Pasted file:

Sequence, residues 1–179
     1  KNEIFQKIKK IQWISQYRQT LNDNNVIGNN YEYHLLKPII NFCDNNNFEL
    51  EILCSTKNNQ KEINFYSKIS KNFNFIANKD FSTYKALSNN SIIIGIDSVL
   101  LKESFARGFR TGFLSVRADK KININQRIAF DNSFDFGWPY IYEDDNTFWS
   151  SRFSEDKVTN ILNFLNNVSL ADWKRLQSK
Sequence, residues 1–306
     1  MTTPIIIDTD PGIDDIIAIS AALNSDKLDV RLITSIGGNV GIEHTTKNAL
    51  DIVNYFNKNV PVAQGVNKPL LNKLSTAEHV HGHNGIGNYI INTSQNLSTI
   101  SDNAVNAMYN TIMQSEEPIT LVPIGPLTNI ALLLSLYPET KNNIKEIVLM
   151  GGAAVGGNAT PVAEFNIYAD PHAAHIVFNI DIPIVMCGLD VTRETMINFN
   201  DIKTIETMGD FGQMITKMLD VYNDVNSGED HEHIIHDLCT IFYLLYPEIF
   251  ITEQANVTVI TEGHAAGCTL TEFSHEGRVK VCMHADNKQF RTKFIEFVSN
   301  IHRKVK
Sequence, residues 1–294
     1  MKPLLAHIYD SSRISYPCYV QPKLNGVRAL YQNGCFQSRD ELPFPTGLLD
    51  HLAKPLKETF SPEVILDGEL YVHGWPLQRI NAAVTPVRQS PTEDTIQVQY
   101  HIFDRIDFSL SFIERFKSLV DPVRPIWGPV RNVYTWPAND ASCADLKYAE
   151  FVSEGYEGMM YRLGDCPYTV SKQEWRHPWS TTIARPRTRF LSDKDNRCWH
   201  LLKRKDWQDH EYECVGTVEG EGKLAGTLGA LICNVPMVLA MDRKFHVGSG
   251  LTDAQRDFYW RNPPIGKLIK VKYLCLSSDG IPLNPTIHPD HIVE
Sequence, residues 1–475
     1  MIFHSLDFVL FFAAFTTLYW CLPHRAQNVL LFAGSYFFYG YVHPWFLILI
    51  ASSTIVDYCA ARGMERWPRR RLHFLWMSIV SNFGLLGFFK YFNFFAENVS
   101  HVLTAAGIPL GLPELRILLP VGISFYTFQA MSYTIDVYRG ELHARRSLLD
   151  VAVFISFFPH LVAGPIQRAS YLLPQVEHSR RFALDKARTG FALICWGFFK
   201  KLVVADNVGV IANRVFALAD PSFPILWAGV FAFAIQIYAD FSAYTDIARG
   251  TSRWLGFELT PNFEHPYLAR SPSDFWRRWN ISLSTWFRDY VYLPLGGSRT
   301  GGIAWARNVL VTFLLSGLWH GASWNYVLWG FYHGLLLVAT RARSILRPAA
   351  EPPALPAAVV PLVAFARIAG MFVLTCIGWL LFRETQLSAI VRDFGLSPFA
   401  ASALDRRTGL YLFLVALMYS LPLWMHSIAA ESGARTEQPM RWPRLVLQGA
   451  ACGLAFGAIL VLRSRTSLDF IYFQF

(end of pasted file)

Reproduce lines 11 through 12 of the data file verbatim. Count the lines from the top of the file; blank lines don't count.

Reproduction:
   201  DIKTIETMGD FGQMITKMLD VYNDVNSGED HEHIIHDLCT IFYLLYPEIF
   251  ITEQANVTVI TEGHAAGCTL TEFSHEGRVK VCMHADNKQF RTKFIEFVSN